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Governor signs renewable energy law  

Far more of Minnesota’s washers, toasters and televisions will be powered by the wind, the sun and animal manure by 2025 now that a new law has put the state at the forefront of a national push to use more renewable energy.

Gov. Tim Pawlenty signed the bill Thursday demanding that 25 percent of the state’s electricity come from next-generation power sources by 2025, a goal some advocates think will be achieved even sooner.

“We have to break our addiction to fossil fuels,” Pawlenty said in signing the legislation.

The new law, which sailed through the Legislature, encourages the use of wind farms, hydroelectric power and solar energy, as well as burned plants and animal waste.

Considering where Minnesota stands now – about half the power produced in the state is from coal, and only 5 percent from renewable sources that count under the law – the move is the most aggressive in the country, analysts say.

“Minnesota’s is the biggest reach,” said Michael Noble, executive director of Fresh Energy, a nonprofit environmental coalition that pushed for the law.

Minnesota’s numerical goal trails targets already in place for Maine and New York, but those states had been getting a significant amount of electricity from large-scale hydropower facilities before their standards were adopted, according to data from the Interstate Renewable Energy Council and the Union of Concerned Scientists.

Minnesota depends on coal for almost half of the power produced in the state. Mike Bull, Assistant Commissioner for Renewable Energy at the Minnesota Department of Commerce, said wind, water and other renewable sources now account for about 5 percent.

Jeff Deyette, energy analyst at the Union of Concerned Scientists, said, “As of a percentage of where all their electricity will come from, Minnesota is now in the lead with this policy in terms of supporting new renewable energy development.”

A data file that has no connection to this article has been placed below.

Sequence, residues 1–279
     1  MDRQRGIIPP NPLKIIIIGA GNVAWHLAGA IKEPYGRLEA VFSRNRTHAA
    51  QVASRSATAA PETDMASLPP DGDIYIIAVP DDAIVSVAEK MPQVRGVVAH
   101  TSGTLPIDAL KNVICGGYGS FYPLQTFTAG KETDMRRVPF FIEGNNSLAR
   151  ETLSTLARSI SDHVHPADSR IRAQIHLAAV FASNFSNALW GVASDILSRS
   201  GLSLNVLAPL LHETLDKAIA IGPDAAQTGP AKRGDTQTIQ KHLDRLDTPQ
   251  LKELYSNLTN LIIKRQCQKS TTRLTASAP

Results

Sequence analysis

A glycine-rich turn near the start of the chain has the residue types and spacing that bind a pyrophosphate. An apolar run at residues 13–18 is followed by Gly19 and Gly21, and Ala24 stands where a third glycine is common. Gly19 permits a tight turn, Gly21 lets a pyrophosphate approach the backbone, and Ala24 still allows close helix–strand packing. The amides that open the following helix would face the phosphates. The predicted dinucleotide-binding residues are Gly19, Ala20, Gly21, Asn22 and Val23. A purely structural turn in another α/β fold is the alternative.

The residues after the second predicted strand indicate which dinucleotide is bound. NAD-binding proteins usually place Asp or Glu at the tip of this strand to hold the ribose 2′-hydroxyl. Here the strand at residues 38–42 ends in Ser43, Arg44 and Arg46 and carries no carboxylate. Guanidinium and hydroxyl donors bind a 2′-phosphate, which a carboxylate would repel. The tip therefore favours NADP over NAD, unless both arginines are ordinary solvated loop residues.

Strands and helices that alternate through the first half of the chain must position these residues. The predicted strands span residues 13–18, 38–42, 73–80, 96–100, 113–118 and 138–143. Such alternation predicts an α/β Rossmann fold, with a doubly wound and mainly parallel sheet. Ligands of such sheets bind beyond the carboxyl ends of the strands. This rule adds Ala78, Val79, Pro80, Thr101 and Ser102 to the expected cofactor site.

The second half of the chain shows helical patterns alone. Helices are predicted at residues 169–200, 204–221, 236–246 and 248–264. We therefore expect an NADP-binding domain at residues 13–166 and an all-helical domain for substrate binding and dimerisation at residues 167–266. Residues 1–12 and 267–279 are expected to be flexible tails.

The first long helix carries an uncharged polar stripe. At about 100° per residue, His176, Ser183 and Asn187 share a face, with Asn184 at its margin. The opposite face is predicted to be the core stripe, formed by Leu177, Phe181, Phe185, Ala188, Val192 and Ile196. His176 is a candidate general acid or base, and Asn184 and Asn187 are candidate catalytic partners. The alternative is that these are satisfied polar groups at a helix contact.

Minnesota’s previous objective was to encourage power producers to draw 10 percent of retail electricity from renewable sources by 2015.

“As states are catching up with us, we want to raise the bar,” Pawlenty said.

Under the new law, more than a dozen utilities and municipal power consortiums would be bound by the 25-by-2025 standard. Xcel Energy Inc., which delivers half of Minnesota’s electricity, would have to meet a 30 percent by 2020 benchmark.

Xcel is now producing 7 percent of its Minnesota power from renewable sources, said Dave Sparby, acting president and chief executive of the company’s Minnesota operations. Xcel was already under orders to go that route as part of a nuclear waste storage deal from the mid-1990s.

Xcel expects to have 4,000 megawatts of wind online by 2020, the equivalent of 2,000 turbines. The company recently announced plans for a 100-megawatt wind farm to complement the 676 megawatts of wind power it currently has in its Minnesota system.

With Xcel’s 30 percent and other utilities ramping up, Minnesota should be able to reach an aggregate 25 percent of renewable power by 2020, Noble said.

There are escape valves, including an energy credit trading system to help producers struggling to meet the standard. Utility regulators could also delay or modify the timeline if they determine that the cost of meeting it would significantly increase customer bills.

Minnesota’s move comes as states around the country stake out far-off goals for renewable energy.

More than 20 states have some type of renewable requirement or good-faith objective. Colorado legislators are moving toward a standard of 20 percent by 2020, while New Hampshire Gov. John Lynch challenged lawmakers last week to adopt a 25 percent by 2025 requirement.

Clean-energy advocates are also pressuring Congress to adopt a goal of getting 25 percent of the nation’s energy – electricity, motor fuel and other power – from renewable sources by 2025 and reduce reliance on foreign imports.

By Brian Bakst, Associated Press


22 February 2007

This article is the work of the source indicated. Any opinions expressed in it are not necessarily those of National Wind Watch.

The copyright of this article resides with the author or publisher indicated. As part of its noncommercial effort to present the environmental, social, scientific, and economic issues of large-scale wind power development to a global audience seeking such information, National Wind Watch endeavors to observe “fair use” as provided for in section 107 of U.S. Copyright Law and similar “fair dealing” provisions of the copyright laws of other nations. Send requests to excerpt, general inquiries, and comments via e-mail.

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